number our days, that we may apply our hearts unto wisdom,” Psalm xc. 12. “Many shall come from the east and west, and shall sit down with Abraham, Isaac and Jacob in the kingdom of heaven,” Mat, viii. 11, “ The law was given by Moses, but grace and truth came by Jesus Christ, John i. 17. “And he that

the throne said, Behold, I make all things 13 « He which testifieth these things saith, Surely, I come quickly. Amen. Even so, come, Lord Jesus," Rev, xxii. 20.

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HISTORY OF MOSES.

LECTURE XIII.

And the Lord spake unto Moses, saying, I have heard

the murmurings of the children of Israel; speak un. to them, saying, At even ye shall eat flesh, and in the morning ye shall be filled with bread: and ye shall know that I am the Lord your God. And it came to pass, that at even the quails came up, and covered the camp: and in the morning the dew lay round about the host, And when the dew that lay was gone up, behold, upon the face of the wilderness there lay a small round thing, as small as the hoar frost on the ground. And when the children of Israel saw it, they said one to another, It is manna: for they wist not what it was. And Moses said unto them, this is the bread which the Lord hath given you to eat.-ExoDUS, xvi. 11-15.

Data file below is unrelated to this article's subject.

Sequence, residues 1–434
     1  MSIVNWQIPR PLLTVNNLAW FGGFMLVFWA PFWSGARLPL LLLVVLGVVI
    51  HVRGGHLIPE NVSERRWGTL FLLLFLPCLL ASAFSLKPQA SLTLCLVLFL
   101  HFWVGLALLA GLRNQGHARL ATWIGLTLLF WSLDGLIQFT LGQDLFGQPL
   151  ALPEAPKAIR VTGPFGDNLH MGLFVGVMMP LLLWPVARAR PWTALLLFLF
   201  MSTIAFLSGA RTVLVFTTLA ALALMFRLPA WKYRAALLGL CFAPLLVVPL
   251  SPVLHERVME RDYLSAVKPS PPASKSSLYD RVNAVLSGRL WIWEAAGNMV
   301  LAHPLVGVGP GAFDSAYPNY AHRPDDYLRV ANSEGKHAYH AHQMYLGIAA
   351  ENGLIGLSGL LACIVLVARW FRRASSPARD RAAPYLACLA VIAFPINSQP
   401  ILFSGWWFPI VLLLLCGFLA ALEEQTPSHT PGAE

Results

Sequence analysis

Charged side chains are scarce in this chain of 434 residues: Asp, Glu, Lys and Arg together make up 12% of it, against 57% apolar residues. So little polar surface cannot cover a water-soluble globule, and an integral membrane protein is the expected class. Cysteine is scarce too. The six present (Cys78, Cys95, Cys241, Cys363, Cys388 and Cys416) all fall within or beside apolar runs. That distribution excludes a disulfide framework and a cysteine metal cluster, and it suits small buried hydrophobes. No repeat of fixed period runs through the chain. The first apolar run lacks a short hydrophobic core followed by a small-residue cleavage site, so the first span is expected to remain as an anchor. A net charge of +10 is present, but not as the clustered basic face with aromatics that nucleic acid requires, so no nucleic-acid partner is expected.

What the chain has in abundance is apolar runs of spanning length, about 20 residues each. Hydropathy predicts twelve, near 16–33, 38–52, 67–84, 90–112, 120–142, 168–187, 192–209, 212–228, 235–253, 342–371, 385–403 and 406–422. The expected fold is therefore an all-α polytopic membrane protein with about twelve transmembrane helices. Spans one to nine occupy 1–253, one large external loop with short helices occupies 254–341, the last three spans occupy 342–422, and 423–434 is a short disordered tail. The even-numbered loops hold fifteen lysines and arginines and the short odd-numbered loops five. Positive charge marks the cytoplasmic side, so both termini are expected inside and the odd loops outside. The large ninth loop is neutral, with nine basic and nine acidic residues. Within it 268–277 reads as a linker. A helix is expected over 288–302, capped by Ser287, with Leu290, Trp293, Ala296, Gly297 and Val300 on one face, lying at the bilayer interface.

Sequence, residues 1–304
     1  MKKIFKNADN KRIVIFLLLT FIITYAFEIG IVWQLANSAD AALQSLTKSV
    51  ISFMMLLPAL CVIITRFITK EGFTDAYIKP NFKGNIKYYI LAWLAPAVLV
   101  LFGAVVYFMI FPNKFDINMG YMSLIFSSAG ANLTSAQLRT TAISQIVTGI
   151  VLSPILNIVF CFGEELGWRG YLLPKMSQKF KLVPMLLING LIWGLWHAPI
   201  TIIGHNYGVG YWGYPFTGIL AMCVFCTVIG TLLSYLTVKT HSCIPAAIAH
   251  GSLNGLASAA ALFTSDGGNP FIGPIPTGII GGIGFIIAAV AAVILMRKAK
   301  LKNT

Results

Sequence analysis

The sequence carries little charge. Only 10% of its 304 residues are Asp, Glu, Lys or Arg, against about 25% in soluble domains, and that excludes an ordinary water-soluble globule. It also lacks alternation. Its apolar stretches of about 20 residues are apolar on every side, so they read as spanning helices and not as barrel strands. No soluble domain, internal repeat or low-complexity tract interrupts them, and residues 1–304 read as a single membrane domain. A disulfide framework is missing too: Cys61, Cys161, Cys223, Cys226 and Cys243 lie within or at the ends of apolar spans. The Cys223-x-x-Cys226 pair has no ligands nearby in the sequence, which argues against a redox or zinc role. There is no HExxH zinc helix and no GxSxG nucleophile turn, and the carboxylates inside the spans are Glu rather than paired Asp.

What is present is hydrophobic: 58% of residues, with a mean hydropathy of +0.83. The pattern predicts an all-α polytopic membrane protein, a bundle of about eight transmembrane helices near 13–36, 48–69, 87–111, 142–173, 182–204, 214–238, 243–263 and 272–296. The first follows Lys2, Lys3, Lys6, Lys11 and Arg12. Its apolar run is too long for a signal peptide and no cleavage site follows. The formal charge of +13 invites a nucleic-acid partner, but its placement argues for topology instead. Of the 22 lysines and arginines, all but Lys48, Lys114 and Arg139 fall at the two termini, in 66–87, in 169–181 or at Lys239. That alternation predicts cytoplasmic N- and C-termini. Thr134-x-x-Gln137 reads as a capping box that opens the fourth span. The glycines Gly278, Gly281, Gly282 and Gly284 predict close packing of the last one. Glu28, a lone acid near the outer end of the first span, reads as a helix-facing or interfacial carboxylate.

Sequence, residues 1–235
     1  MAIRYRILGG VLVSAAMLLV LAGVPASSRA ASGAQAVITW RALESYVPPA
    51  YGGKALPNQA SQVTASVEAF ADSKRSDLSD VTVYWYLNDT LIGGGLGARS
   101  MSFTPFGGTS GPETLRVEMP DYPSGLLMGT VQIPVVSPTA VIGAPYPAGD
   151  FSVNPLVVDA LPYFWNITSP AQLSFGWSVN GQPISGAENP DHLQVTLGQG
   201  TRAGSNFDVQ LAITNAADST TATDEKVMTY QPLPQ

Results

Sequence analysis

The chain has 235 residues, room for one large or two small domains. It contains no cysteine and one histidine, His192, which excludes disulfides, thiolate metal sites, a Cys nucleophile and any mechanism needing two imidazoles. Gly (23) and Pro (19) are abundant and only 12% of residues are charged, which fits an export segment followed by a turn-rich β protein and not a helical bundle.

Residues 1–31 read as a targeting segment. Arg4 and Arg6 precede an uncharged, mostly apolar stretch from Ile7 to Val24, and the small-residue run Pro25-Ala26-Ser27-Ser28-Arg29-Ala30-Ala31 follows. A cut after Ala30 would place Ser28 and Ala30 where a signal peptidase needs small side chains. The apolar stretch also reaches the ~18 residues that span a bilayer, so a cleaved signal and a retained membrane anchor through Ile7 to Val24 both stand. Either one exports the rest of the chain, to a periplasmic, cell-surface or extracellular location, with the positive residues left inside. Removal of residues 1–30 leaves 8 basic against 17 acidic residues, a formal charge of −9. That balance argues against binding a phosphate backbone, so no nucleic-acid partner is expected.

MAN, composed of body and spirit, is giving continual indication of the origin from which he springs, His creative imagination, his penetrating understanding, his quickness of apprehension, loftiness of thought, eagerness of desire, fondness of hope; nay, even his erect figure, and a countenance turned upward to the skies, bespeak him the son of God, into whose nostrils Jehovah has breathed the breath of life, and whom he has framed after his own image. On the other hand, appetites perpetually craving a supply out of the earth; the law of his nature, which stretches him in a state of insensibility upon the lap of his mother, for one third of his existence, in order to support